One has two sons, one has two wives. Elkana first married Hana, then later Pnina. We did he marry Hana, a beautiful chiastic structure. We understand why he married a second wife. He went to sacrifice in Shilo, and there Eli’s sons served as priests. Hana has the role of the driver in the story. She motivates Elkana, because she has no children, to try to appease the Kadosh Baruch Hu, from a long time ago, Elkana is going annually to sacrifice. People are going to alternate places of Worship, in Shilo, etc. But Elkana says – we are going to do it in the proper place in Shilo. There is where we are going to worship. Eli’s sons, Bnei Blial, they have no respect for those above them, their father, Eli, they have no ‘Eli,’ but sacrifice is how you serve God, you prostrate yourself before God, the day when he comes – The Day, Yom HaDin, but then, comes Rosh Hashana, he sacrifices, and provides Pnina and her children an appropriate ration of food, and Hana, a double portion. There is here a subconscious reference to Yaakov, who also loved his wife, and who is also refered to – Rachel, “God closed her womb,” but here too these words are used. Hana is post-menaupasal, she knows, but Rachel isn’t. She knows that the uterus can be opened by God. And what happens at all of these ventures. Every time the family goes to Shilo to sacrifice, her rival not only angers her, but anger is also connoting frustration. At the next page, why do we have to hear this extra frustration – Pnina aroused, taunted, but also angered. She was frustrated on her own, despite what Pnina was doing. Why? Because she really doesn’t know what else to do, she doesn’t know, her husband is no wonderful, bringing sacrifcies all the time. Why is Pnina going to be the foil of Hana. Elkana says every year – we are going to Shilo to prostrate, so that maybe this year Doda Hana can have a baby? They will say – really, we have to go, and eat Yshiva food, etc. This frustration only frustrates the aggravated feelings of Hana. This was an annual process. In P. 7, every year they did this, and every year Hana would be frustrated, so frustrated she would not be able to eat. This is done every year, routine. Do parents like routine. Is everyone following the jokes on the internet – start going to school a year in advance, etc. Parents love routine, why? Because without routine there’s chaos, ‘Balagan,’ we yearn for routine. It also helps provide perspective. This year the child is a little older, etc. Whereas last year we had to take her out for the Shofar blowing, next year? What happens if you don’t have children, if it’s the same old year after year, then the routine presses upon one the aggravation of constancy, of the law of your life, nothing had developed. This is only going to aggravate things. Elkana says – why won’t you eat? Am I not better, wonderful, as ten children. He is criticized –is he giving up? No, he says – I’ve been doing everything within my power, I’ve been engaging in everything, sacrifcies, etc. But he says – maybe God wants us to be complete at where we are. That’s very comforting, look for the good, as today’s psychologist say. Maybe we can go as a wonderful couple, Mekarvim others, we get people back to Shilo. Hana says – you’re right, I should just see the Brahot in my life, I am engaged in the work of God. Had anyone been critical of her if she accepted this? Perhaps, but then we would not have had the birth of Shmuel, or the anointment of Shaul or David, Melech Hamashiah. There’s a shift in perspective. Hana decides she’s not going to be content with the status quo, she ‘rises.’ Shmuel uses this term in a few places. In Shoftim, Dvora says to the general, God told you to wage war against Sisra. Barak says –I’ll go if you’d come with me. She could have said –that’s not my job. I’m a judge, but instead what happens? She gets up, from her passive state, and actively participates in one of Israel’s greatest victories. With Neomi too, we hear, what could we do? She could stay in Hutz Laaretz, but she gets up, and changes the entire trajectory, not only of her own redemption, but also or Rut, and ultimately, David. Here too there is a transformation of character. Elkana decides to be more passive, Hana is going to be an active one. After Shilo she eats and drinks. Eli was before the parallel primary character. Now the Navi tells us, new exposition, to appreciate the story – you need the background, we assume the hero is the head of the household, but here too, it’s Hana. We have to reexpose you to the main characters. Hana –and now Eli. She is bitter, and she prays – not to God, but
on God, she is going to argue over Godly issues. What is going to say in her prayer? We don’t know the contents of the prayer. But we are sure it went something like this – God please I want a child, but the prophet does not say this, he says how she said this – with Hutzpa, and tears. Eli thinks she is inhebriated, but no –she is embittered. What is so strange and ultimately iconoclastic about her prayer –what was Elkana doing every year? Submitting himself before God. Hazal explains what is real prayer –to stand before God. Hanna is standing, she is not surrendering, not submitting herself before God. Another thing. In the Mishkan, people prayed with the standard institutionalized Korban, and here, with regard to Hana –no sacrifice, she just brings her tears. What the prophet says – she utters a vow. At first glance, the direct translation of these words – if you provide your maidservant with a child, I would dedicate him to God as a Nazir. What does this mean? Isn’t it strange? God please grant me a child – I’ll give him back to you. Let’s turn to each one of the verbs. This was the proper methodology, to appreciate the nuance turn to the foregoing sources. Better not to utter a vow than to utter and not fulfill it. But in this period, vows were wonderful expressions of commitment to God. Jacob is the first, the exact same terminology. God told him he’s going to be the one to perpetuate the covenant. Jacob says –if you return me safely to my father’s home – then you’ll be my God or allow me to proclaim you as my God, I will turn this home into Beit Hamikdash. If you help me I’ll help you out. If Hahsem is going to corroborate his vow, shows us that something else is the case. Jacob says – I want to express my commitment to you at this moment, but my blood-thirsty brother is coming to get me. If you help me, by the time I come back here, I could perform my vow. Today the parallel is a credit card. I don’t have the money right now, but I am committed to pay you, I am committed, even if you don’t see the expression of my commitment right now. A nazir, is one who is committed to take a vow on himself. Before going to war, we say – we know all victories belong to you, if we win, all spoils belong to you. We already expressed our level of commitment with this vow. We know of another famous character. Yiftah, he is as committed to God, but what is his vow? Without even understand a single word of his vow, what did you hear a lot of? A lot of me, me? Before we were less selfish – kreplach, to you, today, IPhone, bisli. This me generation, as with Yiftah, he thinks of the possibility of victory, he wants to govern everyone. If you help me, not the nation, to win, what will I do – he doesn’t really commit himself? Like Jacob –I will build you a house, or become a Nazir. Or committing the spoils to the treasures of God. Yiftah says – what you decide will come out of my house, I will give to you. What was he anticipating will come out of his house – some kind of animal. But ‘latzet likrat’ usually refers to a person. He offers human sacrifice, little does he think his own daughter will come. Hana is so committed, she is going to be much more committed, I am going to fix the vows of the generation –I’m gonna make this about me committing everything that’s important in my life to you. If you give me a child, I’ll commit him to you. In a way she believes in human sacrifice – not in death but in life. But how can she do it? How can she accept a commitment upon a child? He is not yet born. And only a father is able to commit his child. Is Hana saying to God –if you give me a child I will commit him to you? No, she says – if you pay attention to your maidservant, and remember me, and do not forget me – three different statements. I want to be on your radar. How will I feel remembered by you. Then I know we have a relationship, then I will show you I really want the relationship, if you give me a child I will show how much I want it – if you give me a child I will commit him to you. Her extreme terms, are because of her state of stress. This is the season in which we annul all of our vows. At Yom Kipur, we annul our fulfilments. But then we also say – we annul our past and future commitments. Why are you thinking about your future ones? Even if ideally we shouldn’t be committing ourselves, but this is crunch time, new years’ resolutions, this is a natural expression. We want to turn to God and say – we really are committed. I’m going to Doven three times a day now. I will light the candles 15 minutes early. I am going to be more committed in my relationships to people. That’s why she is so committed. But Gemorah says, she is not only asking to be on God’s radar, but she is going to stand before God, I commit myself and my child to you, so you know how much I want my relationship, if I get it, then I’m o.k. devoting my child to you. She uses ‘Hashem Tzvaot,’ no person called him this before, but htat’s not true? But this appears in Shirat Hayam. She feels a belligerence with God, she says – I am here to make sure there’s not only a maintenance of a relationship but an investment of a relationship. She says before God – God, look at me, I am here, and I think you forgot about me, I look around, they have a lot of kids, but maybe you just forgot about me. To what is the thing analogous? A pauper starving, watching a feast for the king’s servants. The pauper asks the servant, but the servant says – it’s the king’s food. So he puts himself before the King – I don’t want a stake, but just some bread. She doesn’t ask for a king, a messiah, or a ben-torah, really – only the seed of man. I just want a child. I don’t want the child to be extraordinary, not too smart, not too stupid, just an average child. That’s what he gave her, but still perhaps we wouldn’t say the Shmuel is average. What’s the difference? His mother’s investment. That’s the difference of Shmuel. How do we know she speaks with Hutzpa. If you listen to me – maybe you’ll provide me with a child. If not – I’ll become a promiscuous woman, my husband will suspect me of adultery, and I would have to drink of the bitter waters, and what is the reward if you are not guilty –the blessing of children? Do you want me to do it? You will find yourself with a lot promiscuous women in society. She is speaking unto her heart. She is crying on her heart. She is expressing her innermost feelings, but she is talking to God about her physical heart, uses arguments. I need my heart to pump blood. I need eyes to see and ears to hear, but why did you give me a uterus or breasts, if I cannot even nurse a child. And Eliezer says – she threw things upwards. We don’t know exactly what she says, but even without a sacrifice I am going to talk to you. Even if only her lips move. She is showing to him how committed she is, even without speaking. Show me you didn’t forget about me. Show me you really do care. All I want is an expression of a relationship. Then I’ll be happy. All I want is the expression of the relation. Then we understand the subsequent psukim. We come back, after her vow. She continues to prayer. Eli is looking at her, and he thinks something is awry. It is not surprising to see someone utter words, not strange to hear a prayer in the Mishkan. You prostrate yourself there, and that sacrifice is accompanied by some prayer. What is strange about Hana’s prayer? This is very different to what Hana is doing. To see someone speaking, crying, not prostrating himself, standing, not making a sacrifice. He doesn’t see her speaking out loud, he thinks she is drunk. He says – Elkana is going to follow the rules. You can’t enter the Mishkan in a state of intoxication. Wait outside. Hana says – I understand why I would think so. He thought she was drunk, but really she is – as Sarah. This is just an expression of my emotions, I have not had too much to drink, don’t think I don’t have respect for the Mishkan like your sons, just because I am employing these iconoclastic ways, I am simply trying to relate to God, I don’t know what else to do. Eli understands this is a paradigm of prayer. He says – may God provide you with what you asked for, or perhaps, a placenta, what you asked for. Hana doesn’t know she’ll get what she asked for, but she knows she did all she could. And God remembered her, on the day of remembrance. God remembered her because Hana asked him. After some times she is pregnant, and has Shmuel. The name, at first glance, it’s clear – why does she name him Shmuel, because God heard my prayer, not so much my commitment, as my prayer. Then there is a Midrash Shem, not only did I ask this child, but borrowed him from God. As Bruria tells r. Meir when she sees her two sons have died, it’s like someone asked me to watch over a Pikadon. Perhaps every child in this country – we recognize our children are on loan, we don’t know for how long, as parents we want to take the best care of our children, dedicating their lives and not their deaths to God, we see that’s the greatest manifestation of her relationship with God. She will grow closer to God. As she borrowed her child from God, she is going to say to Eli, he is dedicated, in his life, to God. Elkana comes back to the story, he is going to continue sacrificing, Elkana also made a vow, perhaps also the same time, and he says –I’m going to perform my vow. The prophet says –whose vow was answered? Hana’s because of her prayer. Elkana probably promised a double sacrifice. Elkana says – I am going to maintain the instiutiton of prostration before God, Hana says – I’m not going to see God until I am going to fulfil my word to God. Elkana says – come on, you have to make sure your commitments are fulfilled. Now Elkana takes the driving force. We are reminded not only of Akedat Itzhak, but here Shmuel is almost part of the offering, in the next Pasuk the cow is sacrificed. How does she remind Eli of who she is? She is the woman who was standing, and how does she know that’s what would remind Eli who she was – the norm is to prostrate yourself before God. She says – I am the one who stood, I will serve as the daily model. We bow, but it is called – amida. Even if it is with a scream or a cry. I prayed for this boy. God answered me. He’s not only borrowed from God but to God. She will still continue with the standard way, of prostration, but she also knows how to stand. Think of how Hana appealed to God. Of course, as Hana made sure – Tshuva, etc. But she says –you can properly stand before God. But don’t just mutter your Tfila. This is going to serve as the basis for our daily prayer. What were Hazal referring to when they were speaking of this? They were referring not to prayer pre-child, but post partum, Hana’s second prayer. We don’t finish the story at his stage. The second chapter – Hana prays again, when she brings her child. I am exalted with God, I now have what to say against my adversaries, I am thrilled with your salvation. Why is this called a prayer? A prayer connotes supplication, but the prophet should have said – she is singing, this is a lauding. But how do his words end? She supplicates for an age of a prophet. But no – the entire prayer is a supplication. It’s true that the first pasuk is one in which Hana expresses her thanks giving to God, but immediately thereafter the tone changes – there is no ne like God our God, she transforms her personal salvation into a national anthem. She speaks not in the first person singular, but the plural. Thank you for saving me, for remembering me, showing a relationship between us. But now I know all the more – if you can save me, you can save everyone, who are in dire straits. Take any woman who has been infertile, and provide her with a child. I know you can bring from rags to riches. Don’t forget this woman and that woman, the suffering of all others. Hazal says – look at this prayer. She doesn’t stay in her state of satisfaction, she is not in the middle of her simha circle. At this time, she looks around – she offers another prayer and another prayer, turn. And hazal says –turn. Don’t just look at our own needs. Of course we pray for our personal requirements, necessities. But don’t lose sight of what’s important – look down the road, your own row of prayer. Who else needs help? Notice the malchiot, zichronot, shofarot, we speak in the plural even if we speak of individual salvation, because we remember Hana. The days of Awe, we are admonished not the be myopic. Look at what she says, she incorporates – malchiot, God remembers every single member, shofarot, God thunders from the skies, he judges over the expanse of the world, he lifts up the horn of salvation, God thank you for saving me and now it’s time to save everyone else. That’s the message, not only of the haftarah, but also the focus of our prayer. Albeit we call it the day of judgemnet, we know it’s a day in which we are supposed to be unified. Nehemia says – look at how lost we are, in Hutz Laaretz, we’ve become disengaged, but now – stop crying, eat and drink, and sent Mishlohei Manot, go and have potluck meals. Hedvat hasehm is with you. Seeing yourself as part of a community, as part of the Knesset of Israel, then the prayers will be all the more meaningful. Show we blow the ram of supplication to God, should it be warped, or opened? You’re going to be shriveled out in Rosh Hashana. Should we focus on our vulnerabilities, looking down, or looking up, at the greater world. Your eyes should be towards your heart, your experiences and needs, but your heart should face the world beyond. This Rosh Hashana, may we internalize the message of Hana’s prayer. May the faces of not only our family relatives, but all the children who are no longer here, may all the trouble – may we see them, but also look at everyone. And the 9 brachot, may they mirror Hana’s prayers. Then also – the horn of the messiah will rise.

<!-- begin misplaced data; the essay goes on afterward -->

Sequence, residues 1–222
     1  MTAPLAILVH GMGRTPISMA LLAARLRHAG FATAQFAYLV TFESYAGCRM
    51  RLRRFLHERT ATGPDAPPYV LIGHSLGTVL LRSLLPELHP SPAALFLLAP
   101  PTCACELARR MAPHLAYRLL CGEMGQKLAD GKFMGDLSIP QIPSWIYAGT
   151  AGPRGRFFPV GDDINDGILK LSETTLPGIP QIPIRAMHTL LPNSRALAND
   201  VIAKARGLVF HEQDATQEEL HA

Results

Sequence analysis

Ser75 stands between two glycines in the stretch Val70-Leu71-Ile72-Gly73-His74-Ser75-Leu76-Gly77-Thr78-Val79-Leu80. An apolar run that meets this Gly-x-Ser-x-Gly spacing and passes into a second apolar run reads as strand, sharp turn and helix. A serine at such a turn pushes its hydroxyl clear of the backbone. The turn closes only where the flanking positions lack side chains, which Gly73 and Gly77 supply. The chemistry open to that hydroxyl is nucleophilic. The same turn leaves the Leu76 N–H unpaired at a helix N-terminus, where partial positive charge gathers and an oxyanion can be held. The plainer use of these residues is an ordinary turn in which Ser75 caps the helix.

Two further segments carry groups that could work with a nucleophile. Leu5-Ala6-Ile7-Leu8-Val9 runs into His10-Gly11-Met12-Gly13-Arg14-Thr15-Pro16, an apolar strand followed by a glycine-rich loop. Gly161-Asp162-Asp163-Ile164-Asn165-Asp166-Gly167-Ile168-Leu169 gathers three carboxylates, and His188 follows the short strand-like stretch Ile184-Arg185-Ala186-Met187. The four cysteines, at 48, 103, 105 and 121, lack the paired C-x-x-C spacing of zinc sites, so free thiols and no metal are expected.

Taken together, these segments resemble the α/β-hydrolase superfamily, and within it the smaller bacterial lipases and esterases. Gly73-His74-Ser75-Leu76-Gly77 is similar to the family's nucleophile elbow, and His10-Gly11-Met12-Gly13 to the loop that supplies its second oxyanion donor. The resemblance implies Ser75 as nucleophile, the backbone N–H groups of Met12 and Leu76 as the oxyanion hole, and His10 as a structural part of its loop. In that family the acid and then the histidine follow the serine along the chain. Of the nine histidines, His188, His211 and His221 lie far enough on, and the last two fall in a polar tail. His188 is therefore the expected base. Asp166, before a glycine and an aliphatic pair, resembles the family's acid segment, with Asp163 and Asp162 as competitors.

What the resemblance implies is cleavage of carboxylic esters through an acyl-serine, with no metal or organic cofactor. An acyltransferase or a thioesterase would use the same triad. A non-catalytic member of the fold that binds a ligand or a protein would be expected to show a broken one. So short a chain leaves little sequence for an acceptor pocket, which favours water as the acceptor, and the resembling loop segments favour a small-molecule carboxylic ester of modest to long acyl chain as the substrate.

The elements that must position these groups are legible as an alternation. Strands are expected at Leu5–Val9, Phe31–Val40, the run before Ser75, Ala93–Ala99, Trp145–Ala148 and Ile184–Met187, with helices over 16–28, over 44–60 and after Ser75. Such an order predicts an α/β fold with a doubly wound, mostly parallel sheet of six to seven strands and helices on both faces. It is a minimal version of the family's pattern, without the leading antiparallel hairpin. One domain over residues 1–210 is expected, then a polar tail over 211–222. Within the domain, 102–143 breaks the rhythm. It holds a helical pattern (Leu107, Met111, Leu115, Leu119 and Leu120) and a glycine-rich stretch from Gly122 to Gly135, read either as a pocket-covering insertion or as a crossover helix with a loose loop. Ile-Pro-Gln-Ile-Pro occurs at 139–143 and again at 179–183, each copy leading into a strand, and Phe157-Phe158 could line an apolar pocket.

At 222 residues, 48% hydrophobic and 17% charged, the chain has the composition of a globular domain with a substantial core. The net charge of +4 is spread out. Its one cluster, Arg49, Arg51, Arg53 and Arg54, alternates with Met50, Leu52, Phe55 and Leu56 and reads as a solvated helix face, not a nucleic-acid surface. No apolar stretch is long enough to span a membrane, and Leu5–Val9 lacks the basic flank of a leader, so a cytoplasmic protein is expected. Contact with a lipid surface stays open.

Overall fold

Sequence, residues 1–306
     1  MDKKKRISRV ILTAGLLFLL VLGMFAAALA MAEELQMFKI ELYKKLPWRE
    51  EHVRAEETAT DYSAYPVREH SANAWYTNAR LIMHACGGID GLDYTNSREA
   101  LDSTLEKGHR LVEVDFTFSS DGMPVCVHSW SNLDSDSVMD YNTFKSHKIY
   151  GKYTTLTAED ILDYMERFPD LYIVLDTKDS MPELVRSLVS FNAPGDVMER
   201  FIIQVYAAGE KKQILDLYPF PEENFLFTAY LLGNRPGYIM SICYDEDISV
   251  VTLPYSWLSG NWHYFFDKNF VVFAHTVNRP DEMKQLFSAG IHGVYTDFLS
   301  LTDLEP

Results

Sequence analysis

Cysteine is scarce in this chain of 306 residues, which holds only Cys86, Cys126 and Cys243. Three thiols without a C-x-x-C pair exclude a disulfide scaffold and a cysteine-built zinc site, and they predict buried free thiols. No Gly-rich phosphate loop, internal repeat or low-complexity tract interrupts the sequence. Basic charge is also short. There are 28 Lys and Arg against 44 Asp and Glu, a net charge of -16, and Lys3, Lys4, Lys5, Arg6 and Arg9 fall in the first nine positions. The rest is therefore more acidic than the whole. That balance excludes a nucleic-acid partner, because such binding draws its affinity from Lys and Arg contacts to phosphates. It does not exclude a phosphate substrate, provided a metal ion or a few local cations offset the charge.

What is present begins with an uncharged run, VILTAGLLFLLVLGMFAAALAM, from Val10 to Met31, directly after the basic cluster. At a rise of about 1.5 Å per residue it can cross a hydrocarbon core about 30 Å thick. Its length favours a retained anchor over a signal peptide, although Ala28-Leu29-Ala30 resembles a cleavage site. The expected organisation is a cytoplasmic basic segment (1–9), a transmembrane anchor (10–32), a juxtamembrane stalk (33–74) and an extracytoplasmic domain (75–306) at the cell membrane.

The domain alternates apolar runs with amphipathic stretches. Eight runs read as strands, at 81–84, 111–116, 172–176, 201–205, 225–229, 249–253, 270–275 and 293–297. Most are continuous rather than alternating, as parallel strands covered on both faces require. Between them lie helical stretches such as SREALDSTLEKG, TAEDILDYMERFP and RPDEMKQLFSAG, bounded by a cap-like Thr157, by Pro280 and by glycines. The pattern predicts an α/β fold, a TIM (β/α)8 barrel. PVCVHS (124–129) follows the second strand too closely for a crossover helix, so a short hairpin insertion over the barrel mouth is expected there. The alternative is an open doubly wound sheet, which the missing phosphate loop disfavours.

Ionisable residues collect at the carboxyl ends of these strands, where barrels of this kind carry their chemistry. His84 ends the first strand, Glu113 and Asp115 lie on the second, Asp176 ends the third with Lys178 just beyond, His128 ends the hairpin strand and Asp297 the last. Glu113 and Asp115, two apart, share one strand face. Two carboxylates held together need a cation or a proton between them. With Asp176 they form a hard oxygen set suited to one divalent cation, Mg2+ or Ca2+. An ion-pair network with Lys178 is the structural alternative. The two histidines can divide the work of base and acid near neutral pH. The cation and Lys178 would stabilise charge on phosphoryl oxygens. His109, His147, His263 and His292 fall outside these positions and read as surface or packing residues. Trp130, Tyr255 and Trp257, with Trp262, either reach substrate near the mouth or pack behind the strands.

מתוך האירוע:
with Rabbanit Shani Taragin
שתפו